Yellowknifers: The Planner

Cheerily wheeling down the road on his bicycle, dressed in a bright matching outfit, a turquoise necklace flashing as he passes, Arthur Boutilier is a part of the local landscape, a colourful, mobile urban feature.

Where did he come from, and what does he do? And why all that turquoise? EDGE met with Arthur at his house on Matonabee Street to find answers. “It’s the only turquoise house on the street,” he told us. “Just look for Casa en Sueno. The House of Dreams.”

We arrived to find Arthur out doing some yardwork in the bright sunlight of a stunning late July afternoon. After a brief tour of the large, eclectically furnished home he shares with his wife, Dale, we begin. Arthur’s not too sure about this whole idea of doing a story just about him — “It doesn’t seem very humble,” he says worriedly — but he’s a gracious host and a natural storyteller.

He’s from Halifax, where he grew up sailing on the Northwest Arm with his family, and gazing at the skies through a telescope with his photographer father. “We’d go out on the lawn and we’d look at the heavens, the rings of Saturn and the moons of Jupiter, the Andromeda galaxy. That was my first spiritual experience, the goosebumps, the hair on the back of the neck. Feeling very small in a vast universe.”

At 16, he went to Dalhousie, studying engineering and architecture, “and then I took my masters in landscape architecture at the Harvard Graduate School of Design. That involved regional planning and urban design. Not so much gardens and stuff like that.”

It was the early ’70s, and after Harvard, a very young Arthur found himself in New York, “doing urban design, urban planning, town planning, urban renovations.” He worked on an award-winning project to overhaul the town of Aurora, Illinois, and did some new town planning in California. “We tried to be innovative in our design, but a large part of it was developers doing the same old thing.”


It was during this period that he started to develop his distinctive style. Why turquoise? “I think it’s part of my spirit, my soul, in feeling part of mother nature and the land. I have a whole collection of necklaces. When I was travelling through Nunavut in the 1980s, working with the Inuit, the amulet, the necklace, was often worn by men. My nickname became Ujamilik, which is ‘the one who wears necklaces.’ I sort of became known for that. Turquoise is a summer, a warm-weather, bright-sunshine colour. Like the sky. So that’s where it came from.”

In the mid-’70s, Stateside work ran out, so Arthur returned to Halifax, and got a job with Parks Canada. While on a trip to the Torngat Mountains in Labrador in 1976, as part of a group exploring the possibility of creating a national park in the region, he came across “tent rings and tools and evidence of human occupation. And it completely blew my mind that people lived in these awesome, powerful mountains. It really got my mind thinking about the North and coming North. So, that’s how I ended up here, really. Falling in love with that Arctic light at the Torngat Mountains.”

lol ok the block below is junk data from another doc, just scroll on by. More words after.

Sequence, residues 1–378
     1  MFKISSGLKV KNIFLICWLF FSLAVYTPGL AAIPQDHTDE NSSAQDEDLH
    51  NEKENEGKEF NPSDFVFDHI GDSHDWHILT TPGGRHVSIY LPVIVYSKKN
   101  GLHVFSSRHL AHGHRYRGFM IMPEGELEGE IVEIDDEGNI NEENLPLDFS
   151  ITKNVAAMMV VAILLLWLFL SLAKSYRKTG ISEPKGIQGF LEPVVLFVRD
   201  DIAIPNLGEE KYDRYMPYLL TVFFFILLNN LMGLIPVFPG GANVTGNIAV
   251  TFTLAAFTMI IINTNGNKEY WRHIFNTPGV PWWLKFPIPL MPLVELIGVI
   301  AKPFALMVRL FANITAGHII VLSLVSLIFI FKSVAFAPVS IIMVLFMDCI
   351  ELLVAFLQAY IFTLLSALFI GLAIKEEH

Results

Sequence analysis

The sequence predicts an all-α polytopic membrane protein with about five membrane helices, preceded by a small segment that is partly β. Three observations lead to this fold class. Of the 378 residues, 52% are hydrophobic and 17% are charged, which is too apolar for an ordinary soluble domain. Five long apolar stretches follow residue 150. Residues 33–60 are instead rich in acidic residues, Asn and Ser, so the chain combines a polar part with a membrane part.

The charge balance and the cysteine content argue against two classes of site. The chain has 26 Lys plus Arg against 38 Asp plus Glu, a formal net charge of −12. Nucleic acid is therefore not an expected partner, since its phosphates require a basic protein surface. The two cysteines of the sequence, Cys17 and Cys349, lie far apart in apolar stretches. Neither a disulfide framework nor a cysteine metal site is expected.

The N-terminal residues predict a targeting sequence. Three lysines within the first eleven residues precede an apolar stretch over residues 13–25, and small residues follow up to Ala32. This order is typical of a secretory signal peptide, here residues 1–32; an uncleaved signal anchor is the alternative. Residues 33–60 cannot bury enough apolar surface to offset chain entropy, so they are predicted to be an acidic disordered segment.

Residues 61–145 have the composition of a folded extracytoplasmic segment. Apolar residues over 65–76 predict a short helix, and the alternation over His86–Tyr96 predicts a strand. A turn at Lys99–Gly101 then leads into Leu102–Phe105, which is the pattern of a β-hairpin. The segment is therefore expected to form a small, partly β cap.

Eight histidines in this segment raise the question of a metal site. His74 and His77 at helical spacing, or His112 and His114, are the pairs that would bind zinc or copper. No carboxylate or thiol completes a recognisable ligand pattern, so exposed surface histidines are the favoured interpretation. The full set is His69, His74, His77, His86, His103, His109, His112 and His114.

In 1981, Arthur saw a position advertised in the for a senior urban designer and town planner in Yellowknife. “So I applied for it. And was fortunate, fortunate, fortunate to get the job. And that brought me to Yellowknife.”

He became part of a public works charter led by planner Igal Roth, travelling to the communities of Baffin Island. “[Roth] was my mentor. He was loved by the Inuit. He spoke six languages, he played the violin, he was multitalented, a renaissance man. A leader among leaders.

“Town plans up to that time were done by consultants, and they sat on the shelf and it didn’t make any difference. The housing corporation would go in and tell communities how many houses and where they were going to go. But Igal started community-based planning, where you go in, you don’t keep the plane waiting at the airport, you talk and you communicate. You’re very quiet, you observe the elders and you translate everything and you document. You built a trust and relationship with the local people. Using local knowledge to come up with better design, better planning.”

Meanwhile, back in his new hometown, that process was not going so well. Arthur doesn’t mince words when asked about Yellowknife’s disastrous development decisions in the years after his arrival.

“Oh it was terrible,” he says, quietly shaking his head. “All of the urban planning mistakes that were made in the south were made here. Now, I liked Pat McMahon [long-term alderman and Yellowknife’s mayor from 1987 to 1994]. She was a friend, and I helped sit on an urban design thing with her. But there were mistakes made. Y’know, the strip malls and… mostly pavement, mostly requiring a family car driven by one person, and it’s not greenspace-oriented, it’s not local-carbon-footprint-oriented, or pedestrian-and-bicycle-oriented, and beside that, it’s an eyesore.”

It’s the summer of blasting in the city, with major developments carving into little pockets of greenspace from Twin Pine Hill to the once-bucolic back alley that runs across the street from Arthur, behind Matonabee, and to Arthur,  “It almost feels like a losing battle.”